Contract of Guarantee

This article aims to analyze the contract of guarantee and its enforceability in Pakistan. It also sheds light on the dispute between a principal debtor and creditor which leads to the issue of encashment of bank guarantees or performance guarantees. Moreover, it demonstrates established principles pertaining to the contract of guarantee within the judicial sphere.

Ordinarily, there are two parties to a contract where one party is willing to give something for a consideration to another party with consensus ad idem. But unlike simple contracts, a contract of guarantee is a tripartite contract which involves three parties namely, surety, principal debtor and the creditor. In a contract of guarantee, there are two contracts:

  • the Principal Contract between the principal debtor and the creditor; and
  • the Secondary Contract between the creditor and the surety.

It has been established that the contract of guarantee is not a contract that is collateral to the contract of the principal debtor, but is an independent contract.

Liability of surety is secondary and arises when a principal debtor fails to perform commitments under the Principal Contract. It can be said that surety only plays a third-party role to confirm, support or supplement an obligation between the principal debtor and creditor. Surety can also be described as an assurance to the creditor that if the principal debtor fails to pay, the guarantor or surety would repay the debt.[1]

The Supreme Court of Pakistan in Shipyard K Damen International v. Karachi Shipyard and Engineering Works Ltd,[2] relying on Halsbury’s Laws of England, Fourth Edition, Volume 2, page 101, defined a contract of guarantee in the following words:

“A guarantee is an accessory contract whereby the promisor undertakes to be answerable to the promisee for the debt, default or miscarriage of another person whose primary liability to the promise must exist or to be contemplated.”

Accordingly, under the contract of guarantee, one person contracts with another to pay some debt or perform some act or duty owed by the principal debtor who nevertheless remains primarily liable for such payment or performance. Enforcement of the contract of guarantee depends upon the default of the principal debtor.

There is no special law applicable to independent guarantees in Pakistan. However, Chapter VIII of the Contract Act, 1872 deals with the contract of guarantee. Section 126 reads:

“A contract of guarantee is a contract to perform the promise, or discharge the liability of a third person in case of his default. The person who gives the guarantee is called the ‘surety’; the person in respect of whose default the guarantee is given is called the ‘principal debtor’; and the person to whom the guarantee is given is called the ‘creditor.’ A guarantee may be either oral or written.”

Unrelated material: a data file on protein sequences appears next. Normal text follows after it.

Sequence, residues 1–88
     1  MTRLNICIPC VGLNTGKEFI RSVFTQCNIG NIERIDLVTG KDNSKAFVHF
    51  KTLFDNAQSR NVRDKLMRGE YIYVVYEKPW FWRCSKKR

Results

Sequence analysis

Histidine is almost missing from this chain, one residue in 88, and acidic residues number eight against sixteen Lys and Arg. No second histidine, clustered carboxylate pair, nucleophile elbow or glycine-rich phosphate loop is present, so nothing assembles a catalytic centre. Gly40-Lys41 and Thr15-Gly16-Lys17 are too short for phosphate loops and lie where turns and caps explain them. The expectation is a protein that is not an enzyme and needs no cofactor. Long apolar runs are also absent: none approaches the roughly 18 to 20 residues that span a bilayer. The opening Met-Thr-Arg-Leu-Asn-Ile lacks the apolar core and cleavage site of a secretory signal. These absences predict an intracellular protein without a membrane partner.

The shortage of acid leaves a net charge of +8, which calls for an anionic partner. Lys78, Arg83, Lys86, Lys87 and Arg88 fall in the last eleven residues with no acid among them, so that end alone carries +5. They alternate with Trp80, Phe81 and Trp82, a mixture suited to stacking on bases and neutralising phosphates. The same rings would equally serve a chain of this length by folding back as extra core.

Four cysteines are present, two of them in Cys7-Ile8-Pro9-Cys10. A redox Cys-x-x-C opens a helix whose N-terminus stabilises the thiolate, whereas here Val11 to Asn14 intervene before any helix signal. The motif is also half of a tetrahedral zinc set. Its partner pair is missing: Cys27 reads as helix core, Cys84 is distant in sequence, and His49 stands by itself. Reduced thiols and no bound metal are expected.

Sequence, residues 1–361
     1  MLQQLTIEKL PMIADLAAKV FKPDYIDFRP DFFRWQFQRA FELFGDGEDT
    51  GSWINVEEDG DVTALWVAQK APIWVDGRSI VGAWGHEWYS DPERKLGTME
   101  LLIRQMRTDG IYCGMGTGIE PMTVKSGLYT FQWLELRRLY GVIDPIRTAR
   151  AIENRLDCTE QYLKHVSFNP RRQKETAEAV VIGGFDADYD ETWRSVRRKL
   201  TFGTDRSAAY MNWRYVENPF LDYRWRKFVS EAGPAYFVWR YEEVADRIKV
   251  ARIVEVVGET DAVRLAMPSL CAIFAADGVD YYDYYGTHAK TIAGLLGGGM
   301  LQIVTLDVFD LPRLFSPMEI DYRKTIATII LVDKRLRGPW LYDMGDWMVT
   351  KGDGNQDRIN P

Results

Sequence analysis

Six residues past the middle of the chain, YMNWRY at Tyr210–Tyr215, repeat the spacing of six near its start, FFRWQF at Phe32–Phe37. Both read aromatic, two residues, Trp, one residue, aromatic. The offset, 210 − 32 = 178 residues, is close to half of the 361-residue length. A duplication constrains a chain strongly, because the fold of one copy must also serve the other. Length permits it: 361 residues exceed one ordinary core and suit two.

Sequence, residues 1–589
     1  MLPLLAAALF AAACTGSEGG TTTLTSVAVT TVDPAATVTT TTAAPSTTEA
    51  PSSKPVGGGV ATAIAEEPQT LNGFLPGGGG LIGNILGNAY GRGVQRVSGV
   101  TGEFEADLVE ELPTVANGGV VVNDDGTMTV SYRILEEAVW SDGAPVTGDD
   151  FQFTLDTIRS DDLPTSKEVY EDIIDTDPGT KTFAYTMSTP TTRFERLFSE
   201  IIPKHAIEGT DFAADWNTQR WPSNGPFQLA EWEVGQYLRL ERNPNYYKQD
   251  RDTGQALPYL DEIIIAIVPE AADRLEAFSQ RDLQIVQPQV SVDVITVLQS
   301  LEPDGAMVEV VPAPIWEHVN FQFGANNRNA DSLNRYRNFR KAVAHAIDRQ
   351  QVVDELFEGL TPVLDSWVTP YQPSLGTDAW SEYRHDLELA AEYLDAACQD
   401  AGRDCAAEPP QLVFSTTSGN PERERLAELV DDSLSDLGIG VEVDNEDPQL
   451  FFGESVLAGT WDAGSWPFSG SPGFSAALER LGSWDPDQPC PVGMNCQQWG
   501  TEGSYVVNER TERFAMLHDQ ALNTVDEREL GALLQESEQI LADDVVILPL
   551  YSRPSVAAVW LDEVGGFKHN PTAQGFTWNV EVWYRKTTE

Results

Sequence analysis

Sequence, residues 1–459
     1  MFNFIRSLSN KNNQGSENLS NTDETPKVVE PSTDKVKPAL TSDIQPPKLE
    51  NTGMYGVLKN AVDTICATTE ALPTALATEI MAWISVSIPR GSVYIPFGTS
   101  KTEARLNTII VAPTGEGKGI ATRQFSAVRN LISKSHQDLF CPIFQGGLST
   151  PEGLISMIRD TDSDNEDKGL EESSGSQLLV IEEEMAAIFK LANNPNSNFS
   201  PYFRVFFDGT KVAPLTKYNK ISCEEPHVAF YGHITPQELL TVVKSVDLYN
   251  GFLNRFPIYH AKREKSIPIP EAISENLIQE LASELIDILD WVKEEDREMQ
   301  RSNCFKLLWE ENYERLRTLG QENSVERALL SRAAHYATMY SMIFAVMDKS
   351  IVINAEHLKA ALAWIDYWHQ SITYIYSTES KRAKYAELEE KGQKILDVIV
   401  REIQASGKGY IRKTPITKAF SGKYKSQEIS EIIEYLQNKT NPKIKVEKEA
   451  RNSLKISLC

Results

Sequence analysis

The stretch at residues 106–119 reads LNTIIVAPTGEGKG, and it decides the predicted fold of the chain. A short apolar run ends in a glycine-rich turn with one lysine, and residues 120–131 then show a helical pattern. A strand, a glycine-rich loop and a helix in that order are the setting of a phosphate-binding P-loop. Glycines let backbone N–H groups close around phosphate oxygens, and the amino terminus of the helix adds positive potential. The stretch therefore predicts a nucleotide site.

The following essential ingredients are indispensable for a contract to fall under Section 126 of the Contract Act:

  • dedicated commitment;
  • absolute undertaking;
  • unambiguous assurance;
  • unconditional willingness;
  • definite certainty;
  • compliance without objection;
  • sacred obligation; and
  • defined responsibility[3] on behalf of the surety to comply henceforth with the guarantee on failure of the principal debtor.

It is clear that a guarantee once given cannot be avoided, except on grounds of fraud or misrepresentation.

The important role that a contract of guarantee plays has been described in the case of Doha Bank Limited v. Pangrio Sugar Mills Limited.[4] According to Para no. 23 of the judgment:

“Indeed, all secured financial dealings and business transactions such as execution of a bank guarantee etc. are based on a commercial morality and mutual trust and confidence which should not be shaken by taking a turn much against the terms of guarantee itself. The bank guarantee is a tripartite contract of guarantee between the bank, the beneficiary and the person at whose instance the bank issues such guarantees; the banker is not supposed to question the nature of accounts or liabilities between two parties… that in order to restrain the operation of, inter alia, a bank guarantee there should be a serious dispute and there should be a good prima facie case of fraud, and special equities in the form of preventing the irretrievable injustice otherwise the very purpose of Bank Guarantees would be negative and the fabric of trading operations would be jeopardized.”